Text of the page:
Friday, March 04, 2005

Take Two!

A second attempt at the opinion piece I wanted to post a few days ago about the bolstering of high school academics. Hopefully this will be as good as the first one I wrote.

I applaud the governors mentioned in the article for realizing that high school academic reform is desperately needed if we are to give students a quality education. However, my problem with this is that the goal is to “better prepare students for college.”

I do not argue that better preparing those students who want to attend college is a bad idea, but what about the students who do not want to go to college? For many students, high school is the last formal education they will receive. Why then should these students be expected to prepare for college?

Why should students who are not going to college have to take, for example, upper level calculus? Obviously, if they want to learn calc they should be able to take the class, but why force them? Why force students to prepare for college that have no interest in attending college? If this is the end of their education why not teach them valuable life skills, such as finance management or etiquette or even child care*.

It is hard enough to get students who want to attend college to understand why they are learning certain material, but at least the line “you’ll need this to get into college or in a college class,” makes sense to them.

In conclusion, I think that we need to be careful in assuming that all students have the same goals. In my dream world, each student would have a custom educational plan tailored to what he or she wanted to do with his or her life. Until then, I do not think that simply preparing students for college is enough; we must also prepare them for life.


* Note: I’m not stereotyping non-college goers, by implying that they are ruder or more likelu to become pregnant, these are just examples.

3 Comments:

At 4:17 PM, Anonymous Anonymous said...

So what do you suggest as a solutiong to this problem?

Schools already don't have enough resources. It seems that you are suggesting a type of two-schools in one school tracking system...

I'm not arguing with your thoughts just the practical aspects of creating a solution.

 
At 11:35 AM, Anonymous Traci said...

I have to say I disagree with Anonymous. In my school district, we've been providing the two options with no real effort for a number of years. While we don't have classes in childcare, we do offer more practical academic options for students who don't plan to attend college.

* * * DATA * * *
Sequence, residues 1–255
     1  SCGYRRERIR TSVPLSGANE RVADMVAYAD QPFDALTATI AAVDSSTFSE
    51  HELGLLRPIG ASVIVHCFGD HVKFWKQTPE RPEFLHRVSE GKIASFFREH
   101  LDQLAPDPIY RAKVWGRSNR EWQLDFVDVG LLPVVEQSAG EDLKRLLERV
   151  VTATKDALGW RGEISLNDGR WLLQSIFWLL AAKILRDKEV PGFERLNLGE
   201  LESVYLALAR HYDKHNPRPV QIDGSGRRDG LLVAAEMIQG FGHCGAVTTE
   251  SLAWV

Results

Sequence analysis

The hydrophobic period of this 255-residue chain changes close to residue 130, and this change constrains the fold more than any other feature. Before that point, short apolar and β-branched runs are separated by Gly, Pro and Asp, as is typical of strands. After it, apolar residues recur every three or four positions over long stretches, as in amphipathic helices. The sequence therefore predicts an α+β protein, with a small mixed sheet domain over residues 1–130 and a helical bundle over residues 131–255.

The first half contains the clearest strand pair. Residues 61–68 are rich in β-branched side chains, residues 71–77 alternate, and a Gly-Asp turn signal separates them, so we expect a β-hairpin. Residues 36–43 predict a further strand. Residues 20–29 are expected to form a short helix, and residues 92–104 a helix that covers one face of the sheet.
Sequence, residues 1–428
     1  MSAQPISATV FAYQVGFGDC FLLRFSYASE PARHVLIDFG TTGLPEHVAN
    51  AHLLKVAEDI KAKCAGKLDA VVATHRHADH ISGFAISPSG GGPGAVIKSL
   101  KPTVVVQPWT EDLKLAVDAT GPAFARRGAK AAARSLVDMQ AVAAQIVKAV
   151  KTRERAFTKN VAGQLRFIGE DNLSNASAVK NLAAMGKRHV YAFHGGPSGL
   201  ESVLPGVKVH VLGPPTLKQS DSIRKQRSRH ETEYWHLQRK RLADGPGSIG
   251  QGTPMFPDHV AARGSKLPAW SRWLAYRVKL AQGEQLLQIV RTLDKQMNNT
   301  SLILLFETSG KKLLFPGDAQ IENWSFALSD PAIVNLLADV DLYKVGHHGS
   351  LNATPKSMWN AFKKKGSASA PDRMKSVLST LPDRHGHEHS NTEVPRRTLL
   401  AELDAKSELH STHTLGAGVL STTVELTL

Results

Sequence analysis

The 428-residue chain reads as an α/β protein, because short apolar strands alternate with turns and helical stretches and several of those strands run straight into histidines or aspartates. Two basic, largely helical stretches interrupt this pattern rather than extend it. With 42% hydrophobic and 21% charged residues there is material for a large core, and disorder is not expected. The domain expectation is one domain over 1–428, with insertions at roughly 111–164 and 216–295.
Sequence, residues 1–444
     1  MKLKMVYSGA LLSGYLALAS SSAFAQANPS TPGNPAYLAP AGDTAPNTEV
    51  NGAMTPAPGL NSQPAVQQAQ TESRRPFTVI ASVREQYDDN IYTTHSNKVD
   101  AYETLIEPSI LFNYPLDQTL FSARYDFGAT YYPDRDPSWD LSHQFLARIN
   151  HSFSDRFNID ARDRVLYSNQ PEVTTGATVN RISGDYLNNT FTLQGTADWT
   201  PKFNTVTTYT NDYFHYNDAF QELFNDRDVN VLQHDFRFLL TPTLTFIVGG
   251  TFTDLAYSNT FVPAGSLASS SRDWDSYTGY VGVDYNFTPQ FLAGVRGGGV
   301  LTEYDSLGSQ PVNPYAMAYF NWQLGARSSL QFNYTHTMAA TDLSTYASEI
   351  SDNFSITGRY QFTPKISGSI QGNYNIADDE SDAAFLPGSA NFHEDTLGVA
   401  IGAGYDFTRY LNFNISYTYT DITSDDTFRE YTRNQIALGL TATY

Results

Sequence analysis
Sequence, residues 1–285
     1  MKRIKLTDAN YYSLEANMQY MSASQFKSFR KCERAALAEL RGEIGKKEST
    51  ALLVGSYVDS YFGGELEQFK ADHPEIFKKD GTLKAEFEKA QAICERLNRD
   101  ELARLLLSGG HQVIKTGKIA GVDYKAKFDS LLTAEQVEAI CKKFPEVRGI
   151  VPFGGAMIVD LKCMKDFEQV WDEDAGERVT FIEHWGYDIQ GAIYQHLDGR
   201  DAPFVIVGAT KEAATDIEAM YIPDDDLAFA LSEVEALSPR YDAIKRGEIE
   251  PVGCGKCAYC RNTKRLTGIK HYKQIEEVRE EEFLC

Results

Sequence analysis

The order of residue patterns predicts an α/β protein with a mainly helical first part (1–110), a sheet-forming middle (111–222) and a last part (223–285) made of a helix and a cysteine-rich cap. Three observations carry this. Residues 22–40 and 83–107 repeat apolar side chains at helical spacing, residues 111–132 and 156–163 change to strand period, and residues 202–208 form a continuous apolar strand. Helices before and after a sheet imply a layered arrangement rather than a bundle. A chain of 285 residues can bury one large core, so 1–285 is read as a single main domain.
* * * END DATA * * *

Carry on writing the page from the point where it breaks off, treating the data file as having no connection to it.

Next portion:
However...

I think we expect our high school students to be far more mature than most actually are. How can most teenagers be expected to realistically know what they will want to do with their entire adult lives? While I don't think it's necessary for everyone to take calculus (I never did), I do think it is a good idea to gently push students in a direction that keeps their options open. Many high school students who think they have no desire to go to college soon realize that a college education may be necessary if they want to achieve a particular career and/or lifestyle. Sometimes this realization does not occur until AFTER they have graduated from high school and entered the work force. Why not provide everyone with the basic skills necessary to succeed, not only in college, but in the world? Is there really such a thing as too much education at the high school level? Sometimes I think we and the students get caught up in thinking that what we are doing in high school is just preparing them for college--we're actually teaching them to think, to problem-solve, to recognize and utilize the resources available to them. These are all life skills that will serve them well wherever they land. Just my opinion.

 
At 1:24 AM, Anonymous Bud Hunt said...

You're right. Not every kids wants to go to college. Also, many kids don't know exactly what they want to do with the rest of their lives when they graduate.
Nor should they.
Some days, I don't know what I want to be doing in five years. Why hold a kid to a higher standard than me?
I'm very fortunate that my school district has a stellar vocational program. The students that want training for jobs get top notch training. Heck, I wish I could take some of the classes that we offer.

 

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